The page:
I try to always be straightforward, but nearly all men make it very difficult. Occasionally I will meet a man who handles rejection well, but that’s usually genuine nice guys who I’ve known and the topic comes up and I tell him I’m not interested. The kind of guys who walk up to me on the street or when I’m eating in a restaurant are rarely that type. And let’s face it - there’s just no nice way to say “I’m not interested”. It sucks for anyone to hear that, and I understand. However, generally these guys who don’t handle it well fall into three categories. First, there are the ones that try to make me feel guilty for hurting them. They’ll say that they really don’t deserve to have a date, or even that they are thinking of committing suicide because I turned them down for a date. Then are the guys who get really defensive and start insulting. They’ll call me a slut, or fat, or ugly, which is really ridiculous because they apparently liked me enough to hit on me in the first place. Third, some guys will bug me incessantly to just “give them a chance”. These guys never actually ask what I want, but they assume I want a certain thing and then go on about it. They’ll tell me that they’re rich, or that they have a big penis or whatever, without actually considering that maybe I prefer a guy who wears matching clothes and manages his body hair. Yes, I do care about looks to a certain extent, and since I (like most women) put so much effort into my appearance, I expect a man to care about his too. Lying doesn’t work. Even though I’m generally against lying, I have resorted to telling men that I have a boyfriend or husband, and they either tell me to leave him or say that he won’t care if I date other guys on the side. Giving a fake number doesn’t always work either. I’ve had guys who give me their number and then ask me to call them in front of them so they can get my number from the caller ID. On top of all of this is the tremendous pressure to be polite. Women are especially required to be polite in public, and often women are raised to never say “no” to anyone or anything. This was stronger in the past but it still happens. My mom gets mad if someone even asks for a favor, because, since she feels like she can’t refuse, it feels a lot more like a demand to her. The bottom line is, a lot of guys just don’t handle rejection well. So considering all these problems, is it any surprise that some women will think that lying is the easiest way to turn down a man?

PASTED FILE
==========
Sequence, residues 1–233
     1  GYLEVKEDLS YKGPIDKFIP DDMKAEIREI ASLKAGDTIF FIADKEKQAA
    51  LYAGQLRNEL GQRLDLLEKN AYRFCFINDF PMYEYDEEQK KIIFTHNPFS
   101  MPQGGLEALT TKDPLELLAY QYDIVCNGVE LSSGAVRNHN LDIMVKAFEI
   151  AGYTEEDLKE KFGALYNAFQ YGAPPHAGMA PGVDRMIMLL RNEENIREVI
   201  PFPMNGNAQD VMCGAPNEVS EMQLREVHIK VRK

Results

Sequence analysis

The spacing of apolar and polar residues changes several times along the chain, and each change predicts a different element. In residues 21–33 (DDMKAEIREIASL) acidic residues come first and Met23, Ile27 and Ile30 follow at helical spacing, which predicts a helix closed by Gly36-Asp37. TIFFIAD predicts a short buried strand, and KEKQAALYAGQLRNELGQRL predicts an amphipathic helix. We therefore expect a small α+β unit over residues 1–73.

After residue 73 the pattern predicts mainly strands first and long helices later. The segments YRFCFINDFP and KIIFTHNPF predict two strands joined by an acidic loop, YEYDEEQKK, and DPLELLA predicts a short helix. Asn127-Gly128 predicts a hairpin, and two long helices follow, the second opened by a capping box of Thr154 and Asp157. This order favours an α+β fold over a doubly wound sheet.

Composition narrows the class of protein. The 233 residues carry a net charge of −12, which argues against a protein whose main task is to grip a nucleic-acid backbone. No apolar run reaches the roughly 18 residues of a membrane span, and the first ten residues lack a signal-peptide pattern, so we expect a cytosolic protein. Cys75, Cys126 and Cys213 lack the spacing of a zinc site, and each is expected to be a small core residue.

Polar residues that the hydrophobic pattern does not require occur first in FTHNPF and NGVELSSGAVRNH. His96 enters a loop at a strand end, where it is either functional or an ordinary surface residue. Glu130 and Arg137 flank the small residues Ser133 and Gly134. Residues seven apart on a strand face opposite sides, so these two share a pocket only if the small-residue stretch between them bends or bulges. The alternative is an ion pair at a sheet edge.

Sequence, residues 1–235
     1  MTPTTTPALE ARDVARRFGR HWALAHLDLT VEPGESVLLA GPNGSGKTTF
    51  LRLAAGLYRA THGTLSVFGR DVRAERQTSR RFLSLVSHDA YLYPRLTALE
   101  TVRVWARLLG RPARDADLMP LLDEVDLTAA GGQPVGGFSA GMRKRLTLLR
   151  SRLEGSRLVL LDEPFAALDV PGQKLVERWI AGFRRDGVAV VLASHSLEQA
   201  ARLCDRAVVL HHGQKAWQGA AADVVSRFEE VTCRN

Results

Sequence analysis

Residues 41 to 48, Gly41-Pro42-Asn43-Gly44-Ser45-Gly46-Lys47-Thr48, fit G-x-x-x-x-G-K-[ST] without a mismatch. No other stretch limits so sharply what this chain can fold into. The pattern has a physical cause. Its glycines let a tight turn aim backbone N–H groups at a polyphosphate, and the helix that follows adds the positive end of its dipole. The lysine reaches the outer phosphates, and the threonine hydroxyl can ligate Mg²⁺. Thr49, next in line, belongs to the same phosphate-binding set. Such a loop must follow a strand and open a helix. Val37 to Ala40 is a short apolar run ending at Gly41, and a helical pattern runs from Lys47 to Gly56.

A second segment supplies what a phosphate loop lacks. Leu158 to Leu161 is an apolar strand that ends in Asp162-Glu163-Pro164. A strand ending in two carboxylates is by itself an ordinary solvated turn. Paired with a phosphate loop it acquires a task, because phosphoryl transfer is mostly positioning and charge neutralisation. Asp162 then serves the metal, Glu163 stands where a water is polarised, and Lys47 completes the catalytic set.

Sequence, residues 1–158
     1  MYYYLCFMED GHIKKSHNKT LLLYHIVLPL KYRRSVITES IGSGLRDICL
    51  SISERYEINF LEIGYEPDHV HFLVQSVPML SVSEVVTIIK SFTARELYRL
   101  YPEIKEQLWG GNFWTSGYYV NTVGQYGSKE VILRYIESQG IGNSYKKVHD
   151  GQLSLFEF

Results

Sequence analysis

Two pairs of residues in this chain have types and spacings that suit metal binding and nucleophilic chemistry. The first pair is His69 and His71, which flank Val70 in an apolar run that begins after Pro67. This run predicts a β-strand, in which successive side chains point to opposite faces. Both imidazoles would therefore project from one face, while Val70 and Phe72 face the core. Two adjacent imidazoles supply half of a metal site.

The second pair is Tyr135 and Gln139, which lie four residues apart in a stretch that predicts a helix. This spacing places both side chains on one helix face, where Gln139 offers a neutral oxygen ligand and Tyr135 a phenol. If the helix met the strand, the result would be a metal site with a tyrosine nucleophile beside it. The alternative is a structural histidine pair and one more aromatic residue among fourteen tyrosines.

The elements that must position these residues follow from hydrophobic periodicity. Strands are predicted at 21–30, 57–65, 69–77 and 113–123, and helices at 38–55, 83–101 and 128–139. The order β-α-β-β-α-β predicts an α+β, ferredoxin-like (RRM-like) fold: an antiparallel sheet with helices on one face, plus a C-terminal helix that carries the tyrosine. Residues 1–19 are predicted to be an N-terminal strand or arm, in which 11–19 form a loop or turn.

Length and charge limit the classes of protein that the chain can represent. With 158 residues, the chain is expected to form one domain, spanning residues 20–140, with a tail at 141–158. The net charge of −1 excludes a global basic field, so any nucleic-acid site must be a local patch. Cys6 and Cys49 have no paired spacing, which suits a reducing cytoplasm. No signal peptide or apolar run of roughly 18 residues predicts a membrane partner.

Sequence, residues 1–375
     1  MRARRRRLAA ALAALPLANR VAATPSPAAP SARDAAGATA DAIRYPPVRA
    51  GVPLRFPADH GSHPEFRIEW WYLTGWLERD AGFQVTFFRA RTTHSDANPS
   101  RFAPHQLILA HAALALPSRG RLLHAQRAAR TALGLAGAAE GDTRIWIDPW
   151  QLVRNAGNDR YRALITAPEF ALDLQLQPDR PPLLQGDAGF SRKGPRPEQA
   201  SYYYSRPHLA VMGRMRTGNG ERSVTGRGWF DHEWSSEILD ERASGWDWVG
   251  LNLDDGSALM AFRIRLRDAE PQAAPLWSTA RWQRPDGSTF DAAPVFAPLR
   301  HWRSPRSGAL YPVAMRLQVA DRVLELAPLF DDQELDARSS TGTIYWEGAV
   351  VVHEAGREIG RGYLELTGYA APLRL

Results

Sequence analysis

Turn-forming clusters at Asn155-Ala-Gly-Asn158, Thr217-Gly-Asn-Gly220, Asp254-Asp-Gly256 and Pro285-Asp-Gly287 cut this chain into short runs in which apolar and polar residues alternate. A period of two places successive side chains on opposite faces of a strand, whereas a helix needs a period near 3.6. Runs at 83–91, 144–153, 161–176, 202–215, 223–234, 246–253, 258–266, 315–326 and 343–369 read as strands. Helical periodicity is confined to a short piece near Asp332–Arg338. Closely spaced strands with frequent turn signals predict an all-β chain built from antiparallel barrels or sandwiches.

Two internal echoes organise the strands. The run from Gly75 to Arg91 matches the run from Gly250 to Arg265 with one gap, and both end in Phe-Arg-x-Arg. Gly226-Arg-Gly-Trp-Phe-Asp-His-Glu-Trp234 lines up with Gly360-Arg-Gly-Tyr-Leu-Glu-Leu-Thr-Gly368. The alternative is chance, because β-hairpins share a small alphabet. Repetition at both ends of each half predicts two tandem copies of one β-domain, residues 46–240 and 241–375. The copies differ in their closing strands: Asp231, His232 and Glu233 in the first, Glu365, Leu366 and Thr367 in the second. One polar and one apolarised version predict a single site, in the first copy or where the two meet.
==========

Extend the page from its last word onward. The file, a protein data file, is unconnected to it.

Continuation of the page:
And if even lying won't work (and it frequently doesn't), then getting aggressive is really the only option left.